Contribution to Retail History

The Galeries du Bois form another link in the chain of the history of public shopping ‘centres’, which stretches back to the forums of Ancient Rome. The 18th century Parisian ‘galleries’ share many features with today’s modern malls – a covered, pleasant retail environment where shopping is a social pastime, as well as, a commercial activity.

The History Of Retail In 100 Objects Is Available As A Free Podcast

History of Retail Podcast

The History Of Retail In 100 Objects – The Pocket Balance

Pocket Balance

It’s Wednesday so this week  it’s The History Of Retail In 100 Objects post – This weeks object is The Pocket Balance

A pocket balance – also known as a spring scale – is simply a spring fixed at on e end with a hook to which an object can be attached at the other. The object to be weighed is hung from the hook and the force that this weight exerts on the spring is proportion al to the distance that spring is extended – an established scientific principle known as Hooke’s Law. The scale markings on the spring balance identify the weight accordingly. The pocket balance was first created in 1770 by Richard Salter in the UK. From the late 18th century onwards these little scales were widely used in markets, grocers and farm shops – wherever people needed to be able to verify the weight of goods to be purchased in order to calculate the correct pricing. Portable, quick and simple to use, the pocket balance was ideal for weighing goods where pinpoint accuracy was not required, for example, sacks of potatoes or meat carcasses. The underlying principles of the spring balance were later incorporated into the spring scale weighing system widely used by retailers. In this case, the items are placed on a tray underneath the spring mechanism and the pressure exerted (expressed as weight) is shown by the position of pointer on the numbered dial.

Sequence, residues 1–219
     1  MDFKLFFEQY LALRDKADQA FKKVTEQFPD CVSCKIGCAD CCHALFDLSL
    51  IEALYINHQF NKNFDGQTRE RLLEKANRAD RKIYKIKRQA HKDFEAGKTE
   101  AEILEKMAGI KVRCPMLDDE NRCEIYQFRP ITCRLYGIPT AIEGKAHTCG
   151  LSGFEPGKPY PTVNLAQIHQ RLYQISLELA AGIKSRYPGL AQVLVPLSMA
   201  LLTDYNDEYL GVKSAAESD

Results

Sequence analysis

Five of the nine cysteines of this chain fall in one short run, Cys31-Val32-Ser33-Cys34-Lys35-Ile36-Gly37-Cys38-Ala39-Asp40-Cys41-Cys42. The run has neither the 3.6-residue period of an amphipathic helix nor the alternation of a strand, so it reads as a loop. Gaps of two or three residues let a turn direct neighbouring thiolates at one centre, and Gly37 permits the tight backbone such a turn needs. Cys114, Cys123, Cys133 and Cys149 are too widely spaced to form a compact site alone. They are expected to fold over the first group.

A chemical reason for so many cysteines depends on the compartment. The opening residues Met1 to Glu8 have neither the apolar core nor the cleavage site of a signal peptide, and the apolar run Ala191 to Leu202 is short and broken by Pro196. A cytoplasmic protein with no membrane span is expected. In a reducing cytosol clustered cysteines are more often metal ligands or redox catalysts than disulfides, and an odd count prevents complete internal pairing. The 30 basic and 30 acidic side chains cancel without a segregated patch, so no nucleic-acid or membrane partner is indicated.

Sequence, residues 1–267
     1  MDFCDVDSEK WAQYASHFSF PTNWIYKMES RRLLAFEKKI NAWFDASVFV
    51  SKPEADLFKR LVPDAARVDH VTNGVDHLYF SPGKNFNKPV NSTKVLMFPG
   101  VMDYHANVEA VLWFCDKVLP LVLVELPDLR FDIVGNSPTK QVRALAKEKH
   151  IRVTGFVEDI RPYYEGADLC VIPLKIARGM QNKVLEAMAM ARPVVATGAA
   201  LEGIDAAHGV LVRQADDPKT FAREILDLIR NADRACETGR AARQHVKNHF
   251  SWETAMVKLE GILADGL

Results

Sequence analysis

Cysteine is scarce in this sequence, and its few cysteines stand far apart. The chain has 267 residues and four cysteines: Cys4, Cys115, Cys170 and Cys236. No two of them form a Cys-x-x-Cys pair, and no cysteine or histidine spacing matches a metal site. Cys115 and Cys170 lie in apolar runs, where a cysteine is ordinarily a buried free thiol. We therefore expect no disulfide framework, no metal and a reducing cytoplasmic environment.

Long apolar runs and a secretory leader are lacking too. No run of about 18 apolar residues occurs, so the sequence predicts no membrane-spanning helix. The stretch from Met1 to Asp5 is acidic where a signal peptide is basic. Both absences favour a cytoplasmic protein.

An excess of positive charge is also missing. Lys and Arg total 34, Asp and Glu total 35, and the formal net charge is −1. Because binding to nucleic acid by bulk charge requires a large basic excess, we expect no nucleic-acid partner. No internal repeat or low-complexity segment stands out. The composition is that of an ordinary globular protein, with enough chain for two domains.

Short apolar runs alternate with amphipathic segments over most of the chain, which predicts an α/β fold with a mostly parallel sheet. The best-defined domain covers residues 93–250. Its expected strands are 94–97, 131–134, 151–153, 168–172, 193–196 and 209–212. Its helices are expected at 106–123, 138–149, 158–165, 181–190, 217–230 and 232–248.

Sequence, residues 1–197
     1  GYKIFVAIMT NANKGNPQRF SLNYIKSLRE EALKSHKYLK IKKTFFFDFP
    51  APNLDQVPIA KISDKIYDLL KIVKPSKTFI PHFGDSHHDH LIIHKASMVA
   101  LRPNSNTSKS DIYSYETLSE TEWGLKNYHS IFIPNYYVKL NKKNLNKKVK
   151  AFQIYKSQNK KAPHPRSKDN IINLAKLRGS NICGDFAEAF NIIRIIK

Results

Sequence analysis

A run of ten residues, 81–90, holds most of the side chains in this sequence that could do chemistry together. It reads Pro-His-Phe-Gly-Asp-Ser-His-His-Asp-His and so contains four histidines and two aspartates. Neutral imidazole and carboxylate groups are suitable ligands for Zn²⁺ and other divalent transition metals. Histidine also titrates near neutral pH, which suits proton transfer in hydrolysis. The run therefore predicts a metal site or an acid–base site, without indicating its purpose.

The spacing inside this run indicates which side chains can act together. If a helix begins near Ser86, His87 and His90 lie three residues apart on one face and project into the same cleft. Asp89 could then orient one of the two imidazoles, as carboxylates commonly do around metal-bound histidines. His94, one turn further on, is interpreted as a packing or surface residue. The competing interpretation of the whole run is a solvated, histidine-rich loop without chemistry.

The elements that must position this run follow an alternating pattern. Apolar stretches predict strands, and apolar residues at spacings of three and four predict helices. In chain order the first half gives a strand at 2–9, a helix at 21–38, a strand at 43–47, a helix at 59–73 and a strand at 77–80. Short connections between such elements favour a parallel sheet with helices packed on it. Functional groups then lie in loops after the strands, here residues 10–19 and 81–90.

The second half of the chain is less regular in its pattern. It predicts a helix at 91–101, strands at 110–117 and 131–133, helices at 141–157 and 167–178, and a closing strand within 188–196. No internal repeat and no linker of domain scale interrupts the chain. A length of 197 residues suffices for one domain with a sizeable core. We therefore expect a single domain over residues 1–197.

Contribution to Retail History

The portable spring scale was the first major development in weighing scales that didn’t rely on the use of counterweights. Their portability enabled goods to be weighed anywhere, not only in shops or other fixed locations. Spring scales are still in use today because they are cheap to make and easy to use, although in the retail environment, more accurate digital scales have replaced them.

The History Of Retail In 100 Objects Is Available As A Free Podcast

History of Retail Podcast

The History Of Retail In 100 Objects – The Department Store

Department Store_RT

The History Of Retail In 100 Objects – The Department Store